Rejection letters are the worst. Even the ones that do not seem particularly cruel or critical. A rejection letter that does not even bother to specify what was so terrible about your writing is somehow even more cutting than a line-by-line critique.
This is all part of writing, though. Even Judy Blume has her rejection letter stories:
For two years I received nothing but rejections. One magazine, Highlights for Children, sent a form letter with a list of possible reasons for rejection. “Does not win in competition with others,” was always checked off on mine. I still can’t look at a copy of Highlights without wincing…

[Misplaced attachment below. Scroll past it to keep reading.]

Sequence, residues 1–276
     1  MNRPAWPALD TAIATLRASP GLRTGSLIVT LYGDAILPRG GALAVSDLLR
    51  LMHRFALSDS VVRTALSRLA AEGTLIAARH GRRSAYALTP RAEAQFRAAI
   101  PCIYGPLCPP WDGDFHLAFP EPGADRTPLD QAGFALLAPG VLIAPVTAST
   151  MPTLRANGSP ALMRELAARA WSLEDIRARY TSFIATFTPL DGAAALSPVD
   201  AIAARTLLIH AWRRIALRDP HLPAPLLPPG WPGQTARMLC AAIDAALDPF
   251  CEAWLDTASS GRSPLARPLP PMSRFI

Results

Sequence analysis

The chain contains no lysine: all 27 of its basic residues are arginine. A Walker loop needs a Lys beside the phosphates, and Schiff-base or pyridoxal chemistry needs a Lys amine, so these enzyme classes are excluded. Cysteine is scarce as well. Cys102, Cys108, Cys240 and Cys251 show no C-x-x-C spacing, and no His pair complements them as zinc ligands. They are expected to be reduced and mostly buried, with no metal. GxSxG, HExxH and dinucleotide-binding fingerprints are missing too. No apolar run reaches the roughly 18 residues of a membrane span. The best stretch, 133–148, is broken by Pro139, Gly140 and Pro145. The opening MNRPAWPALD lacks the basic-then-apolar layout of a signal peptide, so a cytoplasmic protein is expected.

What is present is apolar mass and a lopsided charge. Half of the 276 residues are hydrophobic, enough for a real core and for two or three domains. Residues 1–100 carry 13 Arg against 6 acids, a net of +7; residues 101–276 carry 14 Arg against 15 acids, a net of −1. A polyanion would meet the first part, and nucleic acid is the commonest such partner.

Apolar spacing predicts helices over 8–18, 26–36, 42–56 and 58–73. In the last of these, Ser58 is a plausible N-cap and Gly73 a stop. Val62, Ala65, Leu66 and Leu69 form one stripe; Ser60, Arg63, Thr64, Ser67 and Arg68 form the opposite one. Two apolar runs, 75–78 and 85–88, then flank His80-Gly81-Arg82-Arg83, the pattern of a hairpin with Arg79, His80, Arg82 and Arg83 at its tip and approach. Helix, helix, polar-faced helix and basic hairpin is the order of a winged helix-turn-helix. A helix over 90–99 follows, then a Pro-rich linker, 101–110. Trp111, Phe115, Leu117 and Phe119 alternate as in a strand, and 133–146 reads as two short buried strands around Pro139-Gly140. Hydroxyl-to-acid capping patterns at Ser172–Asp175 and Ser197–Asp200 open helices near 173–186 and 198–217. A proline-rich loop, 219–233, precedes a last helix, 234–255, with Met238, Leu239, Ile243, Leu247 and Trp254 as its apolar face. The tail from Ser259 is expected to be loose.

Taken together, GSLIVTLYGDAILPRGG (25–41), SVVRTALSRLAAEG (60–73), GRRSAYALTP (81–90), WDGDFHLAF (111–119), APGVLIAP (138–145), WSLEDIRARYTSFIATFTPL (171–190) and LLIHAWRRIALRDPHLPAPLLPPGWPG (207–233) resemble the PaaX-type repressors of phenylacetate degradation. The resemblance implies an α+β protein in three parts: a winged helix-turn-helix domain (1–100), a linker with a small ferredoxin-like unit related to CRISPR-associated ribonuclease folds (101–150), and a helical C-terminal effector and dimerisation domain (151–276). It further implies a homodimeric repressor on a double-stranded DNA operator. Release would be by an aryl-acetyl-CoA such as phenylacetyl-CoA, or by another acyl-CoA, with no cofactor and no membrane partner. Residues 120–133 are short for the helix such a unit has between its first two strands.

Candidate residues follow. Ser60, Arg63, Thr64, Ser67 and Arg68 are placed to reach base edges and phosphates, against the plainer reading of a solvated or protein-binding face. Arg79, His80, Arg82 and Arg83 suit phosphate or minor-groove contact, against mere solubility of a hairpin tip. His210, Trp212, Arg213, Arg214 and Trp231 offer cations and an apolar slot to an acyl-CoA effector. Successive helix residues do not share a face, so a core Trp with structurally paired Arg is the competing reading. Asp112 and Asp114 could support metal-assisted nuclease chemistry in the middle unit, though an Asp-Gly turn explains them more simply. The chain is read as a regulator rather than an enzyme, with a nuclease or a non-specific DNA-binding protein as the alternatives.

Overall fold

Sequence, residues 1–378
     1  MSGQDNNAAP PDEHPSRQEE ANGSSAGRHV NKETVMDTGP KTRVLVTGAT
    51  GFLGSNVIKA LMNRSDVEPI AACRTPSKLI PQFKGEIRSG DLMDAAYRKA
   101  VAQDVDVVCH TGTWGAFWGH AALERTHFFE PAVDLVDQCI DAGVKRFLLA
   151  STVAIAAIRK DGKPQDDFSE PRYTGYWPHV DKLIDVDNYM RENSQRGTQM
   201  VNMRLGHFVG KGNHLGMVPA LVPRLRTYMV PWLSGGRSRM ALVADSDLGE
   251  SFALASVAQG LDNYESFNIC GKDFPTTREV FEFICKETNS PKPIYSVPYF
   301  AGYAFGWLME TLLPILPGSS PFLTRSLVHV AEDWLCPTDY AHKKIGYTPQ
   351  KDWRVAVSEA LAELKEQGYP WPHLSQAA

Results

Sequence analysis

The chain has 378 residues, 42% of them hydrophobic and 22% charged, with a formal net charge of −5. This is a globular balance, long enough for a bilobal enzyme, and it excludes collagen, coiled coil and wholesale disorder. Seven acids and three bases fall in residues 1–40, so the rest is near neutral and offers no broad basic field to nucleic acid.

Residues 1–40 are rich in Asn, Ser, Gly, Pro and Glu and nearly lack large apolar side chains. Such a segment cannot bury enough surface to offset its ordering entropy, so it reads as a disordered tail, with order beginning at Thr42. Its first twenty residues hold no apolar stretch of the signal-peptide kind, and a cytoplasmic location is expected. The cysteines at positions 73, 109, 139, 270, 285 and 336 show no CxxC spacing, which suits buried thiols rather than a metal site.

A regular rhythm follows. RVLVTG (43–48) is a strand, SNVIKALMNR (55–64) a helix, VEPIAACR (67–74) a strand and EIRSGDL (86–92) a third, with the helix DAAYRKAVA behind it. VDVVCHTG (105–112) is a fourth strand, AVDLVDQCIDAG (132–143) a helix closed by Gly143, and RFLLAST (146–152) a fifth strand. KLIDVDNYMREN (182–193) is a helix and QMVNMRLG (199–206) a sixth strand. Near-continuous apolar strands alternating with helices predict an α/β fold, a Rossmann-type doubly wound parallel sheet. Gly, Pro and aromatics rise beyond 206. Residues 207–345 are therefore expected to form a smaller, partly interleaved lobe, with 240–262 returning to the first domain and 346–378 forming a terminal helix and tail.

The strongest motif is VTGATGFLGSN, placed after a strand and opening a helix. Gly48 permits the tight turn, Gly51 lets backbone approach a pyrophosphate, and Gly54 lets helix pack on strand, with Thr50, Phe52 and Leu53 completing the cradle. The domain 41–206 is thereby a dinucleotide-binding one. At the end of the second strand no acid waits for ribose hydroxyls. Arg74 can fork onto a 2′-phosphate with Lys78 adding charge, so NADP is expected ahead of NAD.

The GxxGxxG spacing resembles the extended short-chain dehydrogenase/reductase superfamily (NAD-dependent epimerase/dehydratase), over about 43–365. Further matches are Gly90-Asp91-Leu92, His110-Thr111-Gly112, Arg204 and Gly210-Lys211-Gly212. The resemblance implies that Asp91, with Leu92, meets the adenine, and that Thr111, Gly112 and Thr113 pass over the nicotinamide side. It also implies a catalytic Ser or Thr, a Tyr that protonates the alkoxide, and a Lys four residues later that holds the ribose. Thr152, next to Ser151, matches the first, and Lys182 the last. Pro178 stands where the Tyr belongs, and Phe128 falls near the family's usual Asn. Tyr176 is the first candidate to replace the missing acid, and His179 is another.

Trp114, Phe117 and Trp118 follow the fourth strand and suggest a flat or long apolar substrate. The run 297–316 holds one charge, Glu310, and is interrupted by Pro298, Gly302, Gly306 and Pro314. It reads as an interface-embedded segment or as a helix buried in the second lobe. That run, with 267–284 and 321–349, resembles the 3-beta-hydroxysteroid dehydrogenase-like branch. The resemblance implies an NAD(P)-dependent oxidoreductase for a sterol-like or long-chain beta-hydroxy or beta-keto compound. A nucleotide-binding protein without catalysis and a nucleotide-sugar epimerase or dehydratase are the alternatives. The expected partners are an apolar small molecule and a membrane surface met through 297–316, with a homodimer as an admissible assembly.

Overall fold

But does the author of Are You There God, It’s Me, Margaret? and Then Again, Maybe I Won’t have any unique advice about how to move past rejection? Well, yes and no:
Don’t let anyone discourage you! Yes, rejection and criticism hurt. Get used to it. Even when you’re published you’ll have to contend with less than glowing reviews. There is no writer who hasn’t suffered…
Finish your work. Send it off with confidence and good cheer.
But get a helmet.
You must be logged in to post a comment.